• Chantal Canales

Being Color Brave in a Color Blind World

Today, August 27th, 2020, I am going to strive to be color brave in a color-blind world.

As part of my Gender, Race and Media class, I watched a 2014 Ted Talk with Melody Hobson entitled Color Blind or color brave. As she was stating facts about the lack of diversity in board rooms, with only seven CEOs of minority races leading the top Fortune 250 six years ago, I can imagine that the data has not changed much since then. As I imagine walking to a corporate board room today, as a Latina woman, I can easily picture that the table would be surrounded by white men not eager to hear my expertise or opinions.

Hobson talked about the idea of dealing with the uncomfortable conversations about race. After a summer full of uncomfortable conversations about the Black Lives Matter Movement with my parents at home during quarantine, I am finding these conversations easier to approach, but nevertheless, I am not the best debater. But yet, it's not a debate. Black Lives Matter and it's no question that they are people in our country that don't believe in it. We have to choose to have the conversations that spark debate and make our skin crawl. The feeling of discomfort means that there is progress is being made. Every conversation counts, therefore we cannot hide away from them in the fear of being judged, hurting someone's feelings or contradicting their beliefs.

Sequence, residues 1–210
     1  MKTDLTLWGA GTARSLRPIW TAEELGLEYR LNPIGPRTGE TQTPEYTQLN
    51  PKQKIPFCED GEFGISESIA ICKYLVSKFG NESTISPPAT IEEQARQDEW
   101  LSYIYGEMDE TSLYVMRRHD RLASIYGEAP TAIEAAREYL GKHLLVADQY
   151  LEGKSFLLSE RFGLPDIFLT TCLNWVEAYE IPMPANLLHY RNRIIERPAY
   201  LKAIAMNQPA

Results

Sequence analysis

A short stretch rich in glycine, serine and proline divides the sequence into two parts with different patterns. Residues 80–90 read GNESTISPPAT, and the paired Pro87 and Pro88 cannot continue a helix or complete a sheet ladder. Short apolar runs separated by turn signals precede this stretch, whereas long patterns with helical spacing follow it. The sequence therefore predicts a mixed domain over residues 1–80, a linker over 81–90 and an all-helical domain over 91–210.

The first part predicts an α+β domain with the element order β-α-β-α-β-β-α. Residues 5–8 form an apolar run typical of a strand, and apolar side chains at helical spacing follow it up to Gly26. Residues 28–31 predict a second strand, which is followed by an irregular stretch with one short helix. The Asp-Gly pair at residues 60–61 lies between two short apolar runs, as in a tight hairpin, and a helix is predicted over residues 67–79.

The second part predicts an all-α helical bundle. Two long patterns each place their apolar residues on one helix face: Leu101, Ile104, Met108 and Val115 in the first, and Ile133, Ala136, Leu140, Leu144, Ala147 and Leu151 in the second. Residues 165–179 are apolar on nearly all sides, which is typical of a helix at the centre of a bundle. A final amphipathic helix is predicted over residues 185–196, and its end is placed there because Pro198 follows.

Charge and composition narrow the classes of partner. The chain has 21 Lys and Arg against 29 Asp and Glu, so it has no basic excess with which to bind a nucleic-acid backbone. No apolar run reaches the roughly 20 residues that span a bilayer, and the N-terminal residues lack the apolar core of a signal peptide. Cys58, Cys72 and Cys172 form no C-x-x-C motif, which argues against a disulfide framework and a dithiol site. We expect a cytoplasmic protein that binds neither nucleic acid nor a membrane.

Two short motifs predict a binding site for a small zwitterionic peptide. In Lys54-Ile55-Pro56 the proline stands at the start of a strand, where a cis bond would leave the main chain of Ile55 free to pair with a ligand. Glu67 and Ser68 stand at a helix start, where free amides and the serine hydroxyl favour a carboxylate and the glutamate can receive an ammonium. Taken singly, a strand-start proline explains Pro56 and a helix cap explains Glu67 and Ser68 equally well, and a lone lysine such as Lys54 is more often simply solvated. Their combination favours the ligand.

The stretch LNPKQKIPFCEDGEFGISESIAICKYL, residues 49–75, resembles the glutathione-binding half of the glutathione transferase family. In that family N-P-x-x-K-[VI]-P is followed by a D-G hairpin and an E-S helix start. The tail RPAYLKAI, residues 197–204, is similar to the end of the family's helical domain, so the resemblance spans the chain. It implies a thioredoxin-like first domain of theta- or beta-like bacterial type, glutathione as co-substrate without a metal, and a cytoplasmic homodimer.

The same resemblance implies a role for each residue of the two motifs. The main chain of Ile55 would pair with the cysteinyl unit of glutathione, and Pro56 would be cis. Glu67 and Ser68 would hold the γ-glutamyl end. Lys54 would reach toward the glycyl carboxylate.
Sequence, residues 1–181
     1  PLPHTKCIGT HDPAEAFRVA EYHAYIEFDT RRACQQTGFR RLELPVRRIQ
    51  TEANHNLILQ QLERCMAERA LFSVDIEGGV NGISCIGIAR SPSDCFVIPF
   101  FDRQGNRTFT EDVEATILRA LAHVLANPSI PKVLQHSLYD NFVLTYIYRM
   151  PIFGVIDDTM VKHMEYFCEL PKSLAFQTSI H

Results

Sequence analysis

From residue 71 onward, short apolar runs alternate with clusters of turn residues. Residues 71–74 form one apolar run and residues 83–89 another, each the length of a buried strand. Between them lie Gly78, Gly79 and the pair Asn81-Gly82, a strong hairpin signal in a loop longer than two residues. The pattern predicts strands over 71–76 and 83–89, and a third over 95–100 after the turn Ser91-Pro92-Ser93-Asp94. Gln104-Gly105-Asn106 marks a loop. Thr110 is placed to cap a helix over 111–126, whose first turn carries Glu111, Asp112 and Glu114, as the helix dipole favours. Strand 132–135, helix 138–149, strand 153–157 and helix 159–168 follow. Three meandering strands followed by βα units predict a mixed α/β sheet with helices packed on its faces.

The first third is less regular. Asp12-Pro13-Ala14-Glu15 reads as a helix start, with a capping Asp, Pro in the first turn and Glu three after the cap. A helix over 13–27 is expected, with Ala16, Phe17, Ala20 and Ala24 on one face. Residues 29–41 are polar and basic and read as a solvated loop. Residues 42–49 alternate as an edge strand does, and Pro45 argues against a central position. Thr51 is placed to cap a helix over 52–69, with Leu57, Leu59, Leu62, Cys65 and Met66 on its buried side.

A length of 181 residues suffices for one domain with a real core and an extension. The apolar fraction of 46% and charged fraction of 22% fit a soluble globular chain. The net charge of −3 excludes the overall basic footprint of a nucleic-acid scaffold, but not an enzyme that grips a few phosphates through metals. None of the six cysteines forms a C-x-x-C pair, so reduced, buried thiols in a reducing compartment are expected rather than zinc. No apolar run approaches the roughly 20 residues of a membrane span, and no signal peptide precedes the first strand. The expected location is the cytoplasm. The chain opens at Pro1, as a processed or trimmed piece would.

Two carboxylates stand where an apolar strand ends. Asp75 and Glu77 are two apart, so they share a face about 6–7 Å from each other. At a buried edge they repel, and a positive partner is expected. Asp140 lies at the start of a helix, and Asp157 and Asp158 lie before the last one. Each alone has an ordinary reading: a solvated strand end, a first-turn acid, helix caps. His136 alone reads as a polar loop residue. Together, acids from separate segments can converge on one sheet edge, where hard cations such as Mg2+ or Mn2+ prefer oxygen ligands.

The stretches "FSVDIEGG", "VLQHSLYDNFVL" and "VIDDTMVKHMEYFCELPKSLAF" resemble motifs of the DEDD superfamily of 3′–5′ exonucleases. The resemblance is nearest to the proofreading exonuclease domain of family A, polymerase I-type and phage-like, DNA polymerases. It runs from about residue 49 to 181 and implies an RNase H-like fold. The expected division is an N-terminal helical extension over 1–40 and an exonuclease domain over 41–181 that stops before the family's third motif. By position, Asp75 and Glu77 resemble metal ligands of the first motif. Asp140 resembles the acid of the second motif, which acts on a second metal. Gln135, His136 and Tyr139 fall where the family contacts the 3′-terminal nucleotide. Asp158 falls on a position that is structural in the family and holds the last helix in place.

Be color brave, not color blind. We cannot ignore race. We should celebrate all the differences that make us who we are. In my past three years of college, I have been blessed to get to know people from all over the country and all over the world. If we don't seek out relationships with people who are different from us, then what are we doing to ourselves? We can't ignore the differences in people's skin or their race, we must embrace them. If you want to reach the boardroom of a Fortune 500 company one day and see people that are different than you, seek out those people now, and empower them. We need to empower them to achieve anything they want to in life.

If we want to make any change happen for future generations, it starts now with being color brave.